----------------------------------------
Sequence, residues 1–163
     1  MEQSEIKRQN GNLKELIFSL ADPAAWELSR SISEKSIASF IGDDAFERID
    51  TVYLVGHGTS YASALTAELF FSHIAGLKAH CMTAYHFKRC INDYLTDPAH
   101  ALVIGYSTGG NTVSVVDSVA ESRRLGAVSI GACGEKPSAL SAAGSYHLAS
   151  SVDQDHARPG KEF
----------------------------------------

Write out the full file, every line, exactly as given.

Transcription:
Sequence, residues 1–163
     1  MEQSEIKRQN GNLKELIFSL ADPAAWELSR SISEKSIASF IGDDAFERID
    51  TVYLVGHGTS YASALTAELF FSHIAGLKAH CMTAYHFKRC INDYLTDPAH
   101  ALVIGYSTGG NTVSVVDSVA ESRRLGAVSI GACGEKPSAL SAAGSYHLAS
   151  SVDQDHARPG KEF